The second of Crispin’s two short story collections, published posthumously. My choice of the two because of the way a lot of the stories hinge on a very simple core idea – homonyms, for example – that might come across a gimmicky but manage in about six or seven pages to communicate setting, setup, event, outcome and misdirection. Frankly no small feat! Yes, consequently the characters tend to suffer (the ebullient Fen is a curiously neutered presence in the stories in which he features) but for sheer inventive interpretation after inventive interpretation this is hard to beat. And as an example of Crispin’s tight hold on the reins of his plots (which could, let’s face it, get a bit beyond him in his novels) this reinforces his reputation in a form that has often proved the undoing of lesser talents. [Available in ebook and thoroughly unattractive print form from Bloomsbury]
Recommended reading: ‘Death and Aunt Fancy’, ‘The Hunchback Cat’, ‘Outrage in Stepney’ Continue reading →
I will probably put this very poorly, so bear with me.
I am an Agatha Christie fan. I am also, you may have noticed, a fan of John Dickson Carr, and of Edmund Crispin, Leo Bruce, Rupert Penny, Kelley Roos, and Constance & Gwenyth Little. What these detective fiction writers have in common is two-fold: firstly they are all dead, so their output is now a fixed and known quantity, and secondly it is my express intention to read everything they ever published in the crime fiction sphere. In some cases this may not be achievable – though with the recent increase in GA reprints it’s to be hoped that these will be picked up before too long – but I intend to give it my best shot nonetheless.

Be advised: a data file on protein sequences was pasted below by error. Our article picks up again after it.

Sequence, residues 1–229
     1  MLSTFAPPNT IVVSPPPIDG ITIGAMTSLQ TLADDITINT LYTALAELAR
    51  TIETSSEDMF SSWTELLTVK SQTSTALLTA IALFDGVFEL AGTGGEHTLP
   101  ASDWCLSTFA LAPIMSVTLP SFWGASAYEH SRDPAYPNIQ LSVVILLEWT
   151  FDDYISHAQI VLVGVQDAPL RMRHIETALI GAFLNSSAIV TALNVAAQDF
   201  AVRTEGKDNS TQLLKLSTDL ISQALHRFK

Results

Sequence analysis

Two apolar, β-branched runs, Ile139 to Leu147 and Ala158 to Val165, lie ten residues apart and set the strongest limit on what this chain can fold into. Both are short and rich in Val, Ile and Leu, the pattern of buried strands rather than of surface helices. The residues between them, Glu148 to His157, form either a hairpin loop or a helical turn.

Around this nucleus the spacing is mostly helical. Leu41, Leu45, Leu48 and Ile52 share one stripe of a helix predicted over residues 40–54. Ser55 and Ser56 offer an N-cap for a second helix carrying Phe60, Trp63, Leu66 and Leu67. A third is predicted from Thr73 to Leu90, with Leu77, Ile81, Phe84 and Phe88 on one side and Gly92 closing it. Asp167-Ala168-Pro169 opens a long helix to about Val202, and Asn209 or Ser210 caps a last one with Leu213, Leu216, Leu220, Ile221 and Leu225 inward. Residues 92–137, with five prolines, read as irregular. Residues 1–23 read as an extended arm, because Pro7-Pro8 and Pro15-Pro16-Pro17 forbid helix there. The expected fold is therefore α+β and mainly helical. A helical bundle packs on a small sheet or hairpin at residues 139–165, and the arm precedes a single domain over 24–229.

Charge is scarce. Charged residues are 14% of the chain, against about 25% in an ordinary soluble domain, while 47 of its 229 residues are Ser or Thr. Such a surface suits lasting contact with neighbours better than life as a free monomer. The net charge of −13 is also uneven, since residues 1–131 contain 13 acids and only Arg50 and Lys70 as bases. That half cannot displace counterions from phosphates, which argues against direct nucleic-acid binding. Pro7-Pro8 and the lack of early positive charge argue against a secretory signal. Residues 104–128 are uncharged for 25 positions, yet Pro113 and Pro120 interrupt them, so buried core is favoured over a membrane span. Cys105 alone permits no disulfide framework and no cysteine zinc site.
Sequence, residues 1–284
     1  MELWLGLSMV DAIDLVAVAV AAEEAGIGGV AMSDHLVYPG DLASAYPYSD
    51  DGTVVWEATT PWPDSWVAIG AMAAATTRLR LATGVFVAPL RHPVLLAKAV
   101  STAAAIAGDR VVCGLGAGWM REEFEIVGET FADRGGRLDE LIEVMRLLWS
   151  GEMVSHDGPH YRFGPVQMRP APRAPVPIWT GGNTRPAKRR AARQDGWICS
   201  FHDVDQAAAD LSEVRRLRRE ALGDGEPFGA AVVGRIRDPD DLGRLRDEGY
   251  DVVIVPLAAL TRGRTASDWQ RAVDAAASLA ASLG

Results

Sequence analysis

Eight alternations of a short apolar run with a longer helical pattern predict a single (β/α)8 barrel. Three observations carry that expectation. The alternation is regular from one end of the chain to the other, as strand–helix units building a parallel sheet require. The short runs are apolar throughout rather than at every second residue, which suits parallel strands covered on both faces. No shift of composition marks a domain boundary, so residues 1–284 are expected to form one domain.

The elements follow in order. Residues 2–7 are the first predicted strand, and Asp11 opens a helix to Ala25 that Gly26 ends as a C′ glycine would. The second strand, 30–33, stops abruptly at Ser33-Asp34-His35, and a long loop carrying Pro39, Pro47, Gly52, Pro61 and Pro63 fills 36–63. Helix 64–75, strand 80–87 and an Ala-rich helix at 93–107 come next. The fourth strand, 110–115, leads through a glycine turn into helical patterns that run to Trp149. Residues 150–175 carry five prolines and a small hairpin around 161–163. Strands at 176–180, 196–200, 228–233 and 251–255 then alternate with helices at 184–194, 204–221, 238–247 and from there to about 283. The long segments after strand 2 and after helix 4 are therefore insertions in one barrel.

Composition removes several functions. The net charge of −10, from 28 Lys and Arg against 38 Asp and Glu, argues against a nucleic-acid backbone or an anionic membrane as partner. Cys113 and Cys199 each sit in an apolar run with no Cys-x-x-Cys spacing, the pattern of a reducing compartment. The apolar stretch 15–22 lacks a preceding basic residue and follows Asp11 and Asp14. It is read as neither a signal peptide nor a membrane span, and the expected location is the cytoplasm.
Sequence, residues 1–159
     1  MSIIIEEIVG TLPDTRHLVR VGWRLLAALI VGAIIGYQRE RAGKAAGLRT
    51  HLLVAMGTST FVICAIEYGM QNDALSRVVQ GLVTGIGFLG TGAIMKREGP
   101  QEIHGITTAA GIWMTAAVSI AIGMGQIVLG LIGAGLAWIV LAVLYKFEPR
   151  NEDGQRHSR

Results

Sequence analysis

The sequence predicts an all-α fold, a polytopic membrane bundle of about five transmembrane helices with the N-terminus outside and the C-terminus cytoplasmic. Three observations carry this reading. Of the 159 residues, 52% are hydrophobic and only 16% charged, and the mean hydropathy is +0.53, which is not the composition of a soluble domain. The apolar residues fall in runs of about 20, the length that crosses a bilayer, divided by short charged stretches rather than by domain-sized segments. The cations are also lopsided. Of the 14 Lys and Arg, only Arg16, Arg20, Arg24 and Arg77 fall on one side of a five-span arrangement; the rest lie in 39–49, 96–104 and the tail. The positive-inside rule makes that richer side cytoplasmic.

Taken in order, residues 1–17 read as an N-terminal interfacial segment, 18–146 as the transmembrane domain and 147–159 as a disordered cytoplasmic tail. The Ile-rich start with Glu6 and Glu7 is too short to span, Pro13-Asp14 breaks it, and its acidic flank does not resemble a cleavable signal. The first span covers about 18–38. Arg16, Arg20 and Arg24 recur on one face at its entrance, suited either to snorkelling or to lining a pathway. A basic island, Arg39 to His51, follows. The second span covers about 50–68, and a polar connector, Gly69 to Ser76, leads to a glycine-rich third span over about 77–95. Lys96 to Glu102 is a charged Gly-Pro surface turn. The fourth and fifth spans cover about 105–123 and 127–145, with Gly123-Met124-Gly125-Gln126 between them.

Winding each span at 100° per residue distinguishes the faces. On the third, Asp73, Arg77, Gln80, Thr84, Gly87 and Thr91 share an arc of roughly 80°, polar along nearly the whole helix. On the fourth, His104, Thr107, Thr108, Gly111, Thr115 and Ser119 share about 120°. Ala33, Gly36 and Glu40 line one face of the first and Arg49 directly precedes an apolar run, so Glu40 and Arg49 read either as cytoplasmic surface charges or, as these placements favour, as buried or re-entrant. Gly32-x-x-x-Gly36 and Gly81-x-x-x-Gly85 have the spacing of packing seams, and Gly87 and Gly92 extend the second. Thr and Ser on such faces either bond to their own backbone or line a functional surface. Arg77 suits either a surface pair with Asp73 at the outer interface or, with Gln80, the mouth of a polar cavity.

Do anything for long enough – spelunking, chicken farming, marriage, presenting live television – and you’re bound to make some mistakes. Thus, no novelist with more than a few books to their name is going to have a perfect run, even allowing for the subjectivity of readers’ opinions; class being permanent and form being temporary, everyone writes a dud now and then. Which brings us to Buried for Pleasure, the sixth of Edmund Crispin’s nine detective novels based around Gervase Fen, Professor of English Literature at a fictional Oxford college, sometime detective, and springer spaniel in human form. A more likeable, enthusiastic, and chaotic protagonist you are unlikely to find, and here the joys of Don-ship have worn off and so Fen has decided to stand for parliament as an MP for an out-of-the-way country constituency in the upcoming General Election. And then there’s a murder, and then another murder, and our springer spaniel is suddenly up to his bloodhound tricks again…
So I love my classic crime, we’ve established that, but where does this leave you? After all, having someone go on about themselves all the time gets a bit boring. You’re always saying that, aren’t you? Sensible person that you are. So, just for you – yes, you – here’s a list of five books I’d recommend if you’re thinking of getting started reading classsic crime fiction but are a little overwhelmed by all these books by dead authors (I feel the same about classical music, for what it’s worth).
My criteria are fairly simple: novels only, first published between 1920 and 1950, and widely available for purchase now. It’s all very well having someone recommend the most amazing book ever, but if it was last in print in 1932 and only changes hands in book-fair back rooms for the kind of money that it takes to keep your kids in shoes for a decade…well, that’s just someone showing off, isn’t it. Why share a love of something that can’t itself be shared? The list is alphabetical by author, too, because that just seems sensible: